Most of us have undoubtedly heard that common question, “If you were arrested today for being a Christian, would you be found guilty?” But maybe we’ve just brushed it aside without giving it the thought that it should have deserved. Why don’t we make that question just a little stronger and a little more personal? “If I were arrested today for being a Christian, would I be found guilty? Would I?”

More than likely, we would look back on our lives and answer that we most likely would be found guilty. After all, we’ve gone to Church since the early days of our childhood, haven’t we? And haven’t we been brought up knowing that we must pray before and after we eat a meal, and before we go to bed at night? Most of us have gone to a Christian school and have at­tended catechism classes. So we would definitely be inclined to answer that we certainly would be found guilty if we were to go on trial for being a Christian.

Let us go back to the question and change the position of one word. We can change the meaning slightly by making the question read, “If I were arrested for being a Christian today, would I be found guilty?” Now we must consider this question in a different light. Rather than looking back at our lives as a whole, we must look back to the time we woke up this morning and began to undertake our daily duties, whether it be work at school or at a job. We must consider the attitudes we’ve taken regarding it; work which we must do, the attitudes towards those with whom we work, and the attitudes which others form about our­selves.

First, we’ll consider the Christian-like attitude of facing the job which we must do. We have all been given different talents and different interests. We must each uti­lize our individual talents to the greatest of our ability, and also do our work to our fullest capacity, in doing this, it is also our duty to honor and glorify our God, and constantly be thankful to Him for these gifts which He has bestowed upon us. It is wrong of us to seek the “greener grass on the other side” simply because it offers more money and a higher status in society. God has not given all of us the abilities to reach these higher positions. Rather, it is our duty to seek stature in those areas in which we have been placed. We must not look enviously at someone who has created a high image for himself; we must realize that God has given him his talents, too. However, this does not mean that we cannot seek to attain a higher goal than the position in which we are now. We are to strive for the highest achievement of the talents God has given us.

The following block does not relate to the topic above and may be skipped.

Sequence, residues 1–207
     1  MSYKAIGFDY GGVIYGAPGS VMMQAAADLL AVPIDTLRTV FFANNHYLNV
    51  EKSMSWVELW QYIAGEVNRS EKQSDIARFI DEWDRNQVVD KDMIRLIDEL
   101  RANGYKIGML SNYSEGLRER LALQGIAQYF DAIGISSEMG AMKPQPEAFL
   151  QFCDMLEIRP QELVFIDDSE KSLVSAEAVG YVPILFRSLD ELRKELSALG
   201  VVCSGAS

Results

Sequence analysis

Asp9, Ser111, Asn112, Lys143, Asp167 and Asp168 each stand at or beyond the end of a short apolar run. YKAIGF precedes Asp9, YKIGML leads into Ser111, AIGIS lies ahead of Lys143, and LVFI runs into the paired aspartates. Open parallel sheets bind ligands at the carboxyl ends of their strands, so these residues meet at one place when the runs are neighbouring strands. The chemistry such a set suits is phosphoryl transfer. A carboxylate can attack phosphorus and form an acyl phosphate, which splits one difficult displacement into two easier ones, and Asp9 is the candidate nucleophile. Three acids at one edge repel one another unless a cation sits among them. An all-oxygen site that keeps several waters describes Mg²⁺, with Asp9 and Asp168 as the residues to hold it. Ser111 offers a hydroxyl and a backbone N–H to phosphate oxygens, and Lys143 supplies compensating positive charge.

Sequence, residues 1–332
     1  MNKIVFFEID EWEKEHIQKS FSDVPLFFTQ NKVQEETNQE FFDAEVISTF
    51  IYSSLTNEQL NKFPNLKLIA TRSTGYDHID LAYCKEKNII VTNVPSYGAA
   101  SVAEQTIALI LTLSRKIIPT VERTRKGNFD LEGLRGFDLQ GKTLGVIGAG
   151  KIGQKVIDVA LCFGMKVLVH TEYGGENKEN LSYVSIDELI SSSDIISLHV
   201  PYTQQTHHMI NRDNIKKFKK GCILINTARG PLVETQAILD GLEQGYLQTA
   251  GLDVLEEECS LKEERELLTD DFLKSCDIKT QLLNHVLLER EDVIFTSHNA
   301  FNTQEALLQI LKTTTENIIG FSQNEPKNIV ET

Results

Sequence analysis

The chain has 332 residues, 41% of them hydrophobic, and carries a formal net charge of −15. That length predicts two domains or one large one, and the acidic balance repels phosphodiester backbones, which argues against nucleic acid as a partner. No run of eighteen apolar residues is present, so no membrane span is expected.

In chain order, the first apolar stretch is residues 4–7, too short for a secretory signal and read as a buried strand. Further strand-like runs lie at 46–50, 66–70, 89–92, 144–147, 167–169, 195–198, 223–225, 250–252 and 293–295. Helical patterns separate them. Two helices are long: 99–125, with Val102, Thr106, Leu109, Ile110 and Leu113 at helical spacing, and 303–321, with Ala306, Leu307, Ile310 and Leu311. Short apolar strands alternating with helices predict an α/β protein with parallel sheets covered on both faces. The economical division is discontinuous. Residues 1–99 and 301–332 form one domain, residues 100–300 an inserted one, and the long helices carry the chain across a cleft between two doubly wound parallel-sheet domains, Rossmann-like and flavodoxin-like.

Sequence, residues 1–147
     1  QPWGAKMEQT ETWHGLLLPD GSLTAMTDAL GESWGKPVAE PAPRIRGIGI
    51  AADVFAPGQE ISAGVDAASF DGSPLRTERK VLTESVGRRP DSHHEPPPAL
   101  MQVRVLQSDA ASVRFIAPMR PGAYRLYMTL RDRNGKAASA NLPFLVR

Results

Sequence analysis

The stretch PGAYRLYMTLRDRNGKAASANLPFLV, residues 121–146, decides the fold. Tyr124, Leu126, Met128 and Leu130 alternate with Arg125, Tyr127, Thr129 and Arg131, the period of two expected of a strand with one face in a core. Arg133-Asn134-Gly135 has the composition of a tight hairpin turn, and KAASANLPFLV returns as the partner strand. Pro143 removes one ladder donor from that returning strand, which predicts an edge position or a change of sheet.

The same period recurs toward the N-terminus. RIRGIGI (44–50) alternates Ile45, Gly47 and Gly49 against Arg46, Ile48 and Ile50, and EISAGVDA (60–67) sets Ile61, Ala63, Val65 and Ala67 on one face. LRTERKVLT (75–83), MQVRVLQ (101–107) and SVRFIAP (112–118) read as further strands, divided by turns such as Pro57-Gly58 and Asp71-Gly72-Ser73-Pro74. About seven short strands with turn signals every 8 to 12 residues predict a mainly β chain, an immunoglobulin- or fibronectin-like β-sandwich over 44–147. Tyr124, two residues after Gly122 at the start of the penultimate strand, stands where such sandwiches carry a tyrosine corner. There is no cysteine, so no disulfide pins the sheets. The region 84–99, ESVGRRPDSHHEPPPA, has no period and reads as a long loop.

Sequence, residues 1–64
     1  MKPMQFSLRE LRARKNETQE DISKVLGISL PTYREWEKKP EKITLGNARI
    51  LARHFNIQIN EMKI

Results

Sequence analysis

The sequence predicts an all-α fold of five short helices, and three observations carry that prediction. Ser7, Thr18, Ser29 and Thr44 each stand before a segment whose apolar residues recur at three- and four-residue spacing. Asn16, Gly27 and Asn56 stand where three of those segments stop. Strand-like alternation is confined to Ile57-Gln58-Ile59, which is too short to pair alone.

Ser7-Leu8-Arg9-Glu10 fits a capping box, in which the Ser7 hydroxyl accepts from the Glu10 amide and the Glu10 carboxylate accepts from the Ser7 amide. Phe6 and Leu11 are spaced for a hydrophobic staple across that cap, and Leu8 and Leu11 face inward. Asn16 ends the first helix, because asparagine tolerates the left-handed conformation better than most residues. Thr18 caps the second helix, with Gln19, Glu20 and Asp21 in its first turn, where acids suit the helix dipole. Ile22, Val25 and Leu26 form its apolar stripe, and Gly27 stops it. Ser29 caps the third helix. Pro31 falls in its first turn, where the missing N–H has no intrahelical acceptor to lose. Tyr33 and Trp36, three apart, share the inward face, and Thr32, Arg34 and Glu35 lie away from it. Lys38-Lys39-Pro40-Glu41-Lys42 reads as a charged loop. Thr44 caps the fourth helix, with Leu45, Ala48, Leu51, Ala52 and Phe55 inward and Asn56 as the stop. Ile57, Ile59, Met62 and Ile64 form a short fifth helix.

If a co-worker were called to the witness stand to testify of the attitude we took about our job today, what impression would he give the jury? Would this witness say that we were happy to do the work that we did, or would he testify that we looked at our job as drudgery, feeling that we are insignificant, or envious of those working around us?

And what about our altitudes towards those people with whom we come in daily contact. Do we act as Christians towards them or shove them aside as though they are not good enough for us? Do we pull up our noses at some of them just because they may not be particularly attractive to the eye, or because of some other trait with which we do not wish to associate? It is certainly not very difficult to think of our­selves as being better than the neighbor, for the big “I” likes to show itself quite often.

Finally, and probably most important of all, what do the people with whom we associate think of us? We often try to make ourselves conform as much as possible to the world. We follow the latest fads be­cause we do not want to be considered “square.” Not that we must completely ignore the world, and live alone in groups to avoid the influence of the world, but we should follow the fads to moderation. The deeper meaning of many of the modern day fads is one of sinfulness. For instance, the clothing and various other items on the market today, are advertised as being able

to “turn on the opposite sex.” Another thing which gives others a great impression of ourselves is the language which we use. There is much corruption of the tongue these days, and by constantly hearing these words which take God’s name and His creation in vain, it would be easy for us to pick up these words and use them our­selves. If not actually say them, at least think them. Also, just sitting by and listen­ing to someone rattle on with his foul tongue can be taken by a bystander to mean that we are accepting them.

Now let us return to our original question and consider what the verdict of the jury would be. Innocent? Insufficient evidence? Or, guilty?